Basho's thoughts on...
• Women in Basho
• Introduction to this site
• The Human Story:
• Praise for Women
• Love and Sex in Basho
• Children and Teens
• Humanity and Friendship
• On Translating Basho
• Basho Himself
• Poetry and Music
• The Physical Body
• Food, Drink, and Fire
• Animals in Basho
• Space and Time
• Letters Year by Year
• Bilingual Basho 日本語も
• 芭蕉について日本語の論文
• Basho Renku, 芭蕉連句
• BAMHAY (Basho Amazes Me! How About You?)
• New Articles


Matsuo Basho 1644~1694

The only substantial
collection in English
of Basho's renku, tanka,
letters and spoken word
along with his haiku, travel
journals, and essays.

The only poet in old-time
literature who paid attention with praise
to ordinary women, children, and teenagers
in hundreds of poems

Hundreds upon hundreds of Basho works
(mostly renku)about women, children,
teenagers, friendship, compassion, love.

These are resources we can use to better
understand ourselves and humanity.

Interesting and heartfelt
(not scholarly and boring)
for anyone concerned with
humanity.


“An astonishing range of
social subject matter and
compassionate intuition”


"The primordial power
of the feminine emanating
from Basho's poetry"


Hopeful, life-affirming
messages from one of
the greatest minds ever.

Through his letters,
we travel through his mind
and discover Basho's
gentleness and humanity.

I plead for your help in
finding a person or group
to take over my 3000 pages of Basho material,
to edit and improve the material, to receive 100%
of royalties, to spread Basho’s wisdom worldwide
and preserve for future generations.

Quotations from Basho Prose


The days and months are
guests passing through eternity.
The years that go by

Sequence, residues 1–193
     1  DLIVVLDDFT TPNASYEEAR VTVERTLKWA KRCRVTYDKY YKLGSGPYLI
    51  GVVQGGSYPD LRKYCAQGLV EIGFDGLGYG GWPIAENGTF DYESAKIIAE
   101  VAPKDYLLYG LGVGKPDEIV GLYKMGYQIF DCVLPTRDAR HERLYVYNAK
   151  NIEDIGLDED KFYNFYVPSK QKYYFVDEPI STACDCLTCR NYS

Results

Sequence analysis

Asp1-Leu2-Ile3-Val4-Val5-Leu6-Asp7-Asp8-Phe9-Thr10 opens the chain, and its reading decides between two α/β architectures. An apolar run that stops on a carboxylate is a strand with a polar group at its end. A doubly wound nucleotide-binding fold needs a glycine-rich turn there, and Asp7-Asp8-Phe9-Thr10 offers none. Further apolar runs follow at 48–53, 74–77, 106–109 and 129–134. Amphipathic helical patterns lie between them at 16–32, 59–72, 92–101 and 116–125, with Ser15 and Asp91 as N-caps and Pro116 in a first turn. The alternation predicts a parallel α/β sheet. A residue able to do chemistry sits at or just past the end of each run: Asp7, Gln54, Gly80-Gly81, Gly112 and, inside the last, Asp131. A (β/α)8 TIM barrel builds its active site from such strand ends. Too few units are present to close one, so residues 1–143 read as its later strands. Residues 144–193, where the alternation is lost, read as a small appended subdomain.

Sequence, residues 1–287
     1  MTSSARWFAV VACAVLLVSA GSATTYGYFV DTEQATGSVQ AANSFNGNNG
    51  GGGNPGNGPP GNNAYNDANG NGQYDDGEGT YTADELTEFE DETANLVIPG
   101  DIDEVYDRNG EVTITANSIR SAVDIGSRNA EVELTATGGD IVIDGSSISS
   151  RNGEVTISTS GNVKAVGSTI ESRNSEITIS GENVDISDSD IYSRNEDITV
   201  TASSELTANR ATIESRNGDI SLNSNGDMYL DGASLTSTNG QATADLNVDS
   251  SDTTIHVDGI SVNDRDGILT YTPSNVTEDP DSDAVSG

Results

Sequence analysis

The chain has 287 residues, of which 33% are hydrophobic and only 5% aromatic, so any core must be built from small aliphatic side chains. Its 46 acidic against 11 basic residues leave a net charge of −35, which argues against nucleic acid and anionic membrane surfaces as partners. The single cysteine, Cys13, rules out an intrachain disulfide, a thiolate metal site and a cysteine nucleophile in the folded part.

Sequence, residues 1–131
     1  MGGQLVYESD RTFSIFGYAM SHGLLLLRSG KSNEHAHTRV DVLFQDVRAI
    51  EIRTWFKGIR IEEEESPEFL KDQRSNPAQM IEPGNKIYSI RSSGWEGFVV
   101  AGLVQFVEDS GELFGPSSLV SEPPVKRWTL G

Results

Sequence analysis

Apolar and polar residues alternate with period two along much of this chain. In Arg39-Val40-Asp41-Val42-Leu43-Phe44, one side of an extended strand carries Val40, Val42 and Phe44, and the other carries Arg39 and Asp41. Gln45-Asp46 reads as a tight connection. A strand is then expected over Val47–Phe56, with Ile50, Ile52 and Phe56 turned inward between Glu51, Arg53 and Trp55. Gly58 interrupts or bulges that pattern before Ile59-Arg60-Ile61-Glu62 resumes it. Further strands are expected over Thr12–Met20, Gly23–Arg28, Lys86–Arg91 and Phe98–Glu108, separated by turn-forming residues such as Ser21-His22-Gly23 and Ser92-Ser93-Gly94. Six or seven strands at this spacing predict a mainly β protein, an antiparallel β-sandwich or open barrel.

also are travelers.



The mountains in silence
nurture the spirit;
the water with movement
calms the emotions.


All the more joyful,
all the more caring


Seek not the traces
of the ancients;
seek rather the
places they sought.



Basho Spoken Word


Only this, apply your heart
to what children do


"The attachment to Oldness
is the very worst disease
a poet can have."


“The skillful have a disease;
let a three-foot child
get the poem"


"Be sick and tired
of yesterday’s self."


"This is the path of a fresh
lively taste with aliveness
in both heart and words."
.

"In poetry is a realm
which cannot be taught.
You must pass through it
yourself. Some poets have made
no effort to pass through, merely
counting things and trying
to remember them.
There was no passing
through the things."


"In verses of other poets,
there is too much making
and the heart’s
immediacy is lost.
What is made from
the heart is good;
the product of words
shall not be preferred."


"We can live without poetry,
yet without harmonizing
with the world’s feeling
and passing not through
human feeling, a person
cannot be fulfilled. Also,
without good friends,
this would be difficult."


"Poetry benefits
from the realization
of ordinary words."


"Many of my followers
write haiku equal to mine,
however in renku is the
bone marrow of this old man."


"Your following stanza
should suit the previous one as an expression
of the same heart's connection."


"Link verses the way
children play."


"Make renku
ride the Energy.
Get the timing wrong,
you ruin the rhythm."


"The physical form
first of all must be graceful
then a musical quality
makes a superior verse."

"As the years passed
by to half a century.
asleep I hovered
among morning clouds
and evening dusk,
awake I was astonished
at the voices of mountain
streams and wild birds."


“These flies sure enjoy
having an unexpected
sick person.”



Haiku of Humanity


Drunk on sake
woman wearing haori
puts in a sword


Night in spring
one hidden in mystery
temple corner


Wrapping rice cake
with one hands she tucks
hair behind ear


On Life's journey
plowing a small field
going and returning


Child of poverty
hulling rice, pauses to
look at the moon


Tone so clear
the Big Dipper resounds
her mallet


Huddling
under the futon, cold
horrible night


Jar cracks
with the ice at night
awakening



Basho Renku
Masterpieces

With her needle
in autumn she manages
to make ends meet
Daughter playing koto
reaches age seven


After the years
of grieving. . . finally
past eighteen
Day and night dreams of
Father in that battle


Now to this brothel
my body has been sold
Can I trust you
with a letter I wrote,
mirror polisher?


Only my face
by rice-seedling mud
is not soiled
Breastfeeding on my lap
what dreams do you see?



Single renku stanzas


Giving birth to
love in the world, she
adorns herself



Autumn wind
saying not a word
child in tears


Among women
one allowed to lead
them in chorus


Easing in